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Health Team

Breast reconstruction proves vital part of recovery after cancer

Posted November 16
Updated November 17

With breast cancer, we often think about new medical therapies to beat the disease, but many women face a more private and emotional battle to cope with what they've lost—their breasts.

Two Raleigh women, though, found that breast reconstruction surgery was a vital part of their recovery.

After the shock of a breast cancer diagnosis, Lisa Joyner and Mary Broughton both knew they had to fight it with everything they had.

For both women, long-term survival meant a mastectomy—surgical removal of the affected breast—plus the personal choice to reduce their future cancer risk by removing the healthy breast as well.

"But it was so hard," Joyner said. "It was extremely tough going into that decision. I remember feeling like it was stripping me of everything that made me feel like a woman."

Broughton felt the same way.

"You know, a woman losing her major parts that make her feminine," she said. "It's devastating."

Last December, 48-year-old Broughton learned the tumor in her left breast was caught early; it had not spread.

Her oncologist said even with chemotherapy and surgery to remove the tumor, or the entire left breast, the risk of recurrence was high.

The decision for a double mastectomy was an easy one due to her 13-year-old son Owen.

"I really wanted to have that opportunity to watch him graduate from high school and college," Broughton said. "I want to be there for him.”

Plastic surgeon Dr. Glenn Lyle met with Broughton and her cancer surgeon before her surgery to plan breast reconstruction immediately after the mastectomy.

"The first step is placement of a temporary implant called a tissue expander," Lyle said.

The expander is placed under the chest muscle, which gives the above layer of skin time to recover.

"That implant can then be stretched out, slowly, over time—over the, say, next four to six weeks," Lyle said.

By June, Broughton had finished chemotherapy and looked forward to the end of October when she would go back into surgery to have permanent implants put in.

Joyner, 49, along with her husband Oscar, faced the same decisions four years ago, but she wasn't as quick to choose reconstruction after the double mastectomy.

She waited six weeks before getting the breast expanders and later the implants and nipple procedures.

"I think most studies show that most women feel better about their reconstruction with having nipple reconstruction performed," said plastic surgeon Dr. Rhett High, who was Joyner's surgeon.

Getting permanent implants was the day Broughton had been waiting for.

"This is the finishing line for me," she said.

Lyle marked her chest where he would create incisions to remove the expanders and replace them with implants.

"It's usually not nearly as much discomfort as the first operation," Lyle said. "It's usually much, much easier than the mastectomy."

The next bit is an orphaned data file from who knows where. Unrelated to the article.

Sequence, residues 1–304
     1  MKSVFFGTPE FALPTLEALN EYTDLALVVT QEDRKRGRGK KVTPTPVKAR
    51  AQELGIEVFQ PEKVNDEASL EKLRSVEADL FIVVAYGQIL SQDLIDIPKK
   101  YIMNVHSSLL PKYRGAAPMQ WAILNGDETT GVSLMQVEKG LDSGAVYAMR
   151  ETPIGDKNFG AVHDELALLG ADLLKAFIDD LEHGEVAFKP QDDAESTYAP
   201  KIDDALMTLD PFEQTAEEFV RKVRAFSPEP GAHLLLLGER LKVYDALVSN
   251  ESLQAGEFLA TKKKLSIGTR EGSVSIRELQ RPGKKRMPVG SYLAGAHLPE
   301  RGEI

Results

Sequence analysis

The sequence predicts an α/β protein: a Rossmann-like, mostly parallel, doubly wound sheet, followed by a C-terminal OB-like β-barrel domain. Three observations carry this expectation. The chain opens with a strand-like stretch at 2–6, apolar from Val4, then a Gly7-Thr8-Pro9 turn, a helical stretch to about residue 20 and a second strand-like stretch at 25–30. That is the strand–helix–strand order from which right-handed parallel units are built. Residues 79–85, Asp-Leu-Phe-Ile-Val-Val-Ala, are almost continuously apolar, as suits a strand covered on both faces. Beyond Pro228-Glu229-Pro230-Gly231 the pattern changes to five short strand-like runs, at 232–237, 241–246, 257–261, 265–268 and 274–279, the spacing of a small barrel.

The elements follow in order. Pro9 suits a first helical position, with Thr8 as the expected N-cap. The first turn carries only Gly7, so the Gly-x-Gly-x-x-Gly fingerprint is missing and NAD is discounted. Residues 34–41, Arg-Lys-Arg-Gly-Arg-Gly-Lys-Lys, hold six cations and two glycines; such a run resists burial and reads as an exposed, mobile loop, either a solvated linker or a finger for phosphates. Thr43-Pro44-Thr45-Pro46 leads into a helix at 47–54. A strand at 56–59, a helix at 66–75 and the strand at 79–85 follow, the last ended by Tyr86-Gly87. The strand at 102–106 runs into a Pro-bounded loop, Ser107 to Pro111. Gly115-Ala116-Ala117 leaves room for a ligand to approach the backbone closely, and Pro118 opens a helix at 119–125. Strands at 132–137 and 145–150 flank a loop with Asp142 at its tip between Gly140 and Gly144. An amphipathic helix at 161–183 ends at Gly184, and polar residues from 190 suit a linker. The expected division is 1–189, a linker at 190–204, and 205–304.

It's an outpatient procedure with a recommended week off from work.

Lyle says most insurance didn't cover the costs until 1998. Now, though, insurance companies have to provide the coverage.

"(Insurance companies) are mandated by law to cover reconstruction, including further reconstruction, creating nipples, doing a tattoo to give the resemblance of an outer areola," Lyle said.

More than a week later, Broughton still had drainage tubes and faces nipple procedures, but she was pleased with the results.

"I like the proportion, the size, what it makes me look like in clothes," she said. "So I'm on the road to completeness."

The promise of reconstructive surgery gave Broughton hope, but Joyner first doubted whether reconstruction could cover the scars—both physical and emotional—of mastectomy.

"I wish I had known then what I know now," Joyner said. "And what I know now is scars do heal."

There was a time when silicon gel implants were taken off the market due to manufacturing problems, such as leaking. Now, both Lyle and Raleigh Plastic Surgery say silicone gel implants are high quality and much safer.

Most women choose the silicone gel variety, but some women still get the saline filled implants.

Lyle says 10 to 20 percent of implants have a leak by the 10 year mark, so an occasional MRI exam is recommended. He says it's a fairly simple procedure to replace the implant.

1 Comment

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  • Kirsten Matis Nov 18, 5:37 p.m.
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    I'd love to see a follow up to this story on the many breast cancer survivors who have chosen no reconstruction and to live flat. I am one of them. This article glossed over the many potential complications that can happen from reconstruction. It is definitely a personal choice, but I think it needs to be more accepted in society that a woman is more than their breasts. Obviously living flat after breast cancer comes with its own adjustments and trials, I'd love to see an segment on that choice.